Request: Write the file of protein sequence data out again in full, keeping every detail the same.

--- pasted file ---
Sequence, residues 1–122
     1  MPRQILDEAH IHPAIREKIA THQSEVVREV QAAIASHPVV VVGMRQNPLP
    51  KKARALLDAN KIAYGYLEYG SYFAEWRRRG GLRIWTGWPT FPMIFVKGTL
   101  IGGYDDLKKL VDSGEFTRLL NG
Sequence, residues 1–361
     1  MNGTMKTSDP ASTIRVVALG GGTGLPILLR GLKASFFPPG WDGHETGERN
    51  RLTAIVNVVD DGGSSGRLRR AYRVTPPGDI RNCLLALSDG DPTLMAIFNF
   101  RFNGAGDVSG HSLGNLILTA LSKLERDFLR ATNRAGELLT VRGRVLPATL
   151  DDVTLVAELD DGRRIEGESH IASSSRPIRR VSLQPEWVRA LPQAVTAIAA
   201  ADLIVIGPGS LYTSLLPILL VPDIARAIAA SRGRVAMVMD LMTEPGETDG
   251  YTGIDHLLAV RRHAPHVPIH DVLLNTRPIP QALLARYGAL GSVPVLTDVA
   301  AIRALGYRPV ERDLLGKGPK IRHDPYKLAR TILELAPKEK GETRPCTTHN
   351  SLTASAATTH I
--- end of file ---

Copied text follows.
Sequence, residues 1–122
     1  MPRQILDEAH IHPAIREKIA THQSEVVREV QAAIASHPVV VVGMRQNPLP
    51  KKARALLDAN KIAYGYLEYG SYFAEWRRRG GLRIWTGWPT FPMIFVKGTL
   101  IGGYDDLKKL VDSGEFTRLL NG
Sequence, residues 1–361
     1  MNGTMKTSDP ASTIRVVALG GGTGLPILLR GLKASFFPPG WDGHETGERN
    51  RLTAIVNVVD DGGSSGRLRR AYRVTPPGDI RNCLLALSDG DPTLMAIFNF
   101  RFNGAGDVSG HSLGNLILTA LSKLERDFLR ATNRAGELLT VRGRVLPATL
   151  DDVTLVAELD DGRRIEGESH IASSSRPIRR VSLQPEWVRA LPQAVTAIAA
   201  ADLIVIGPGS LYTSLLPILL VPDIARAIAA SRGRVAMVMD LMTEPGETDG
   251  YTGIDHLLAV RRHAPHVPIH DVLLNTRPIP QALLARYGAL GSVPVLTDVA
   301  AIRALGYRPV ERDLLGKGPK IRHDPYKLAR TILELAPKEK GETRPCTTHN
   351  SLTASAATTH I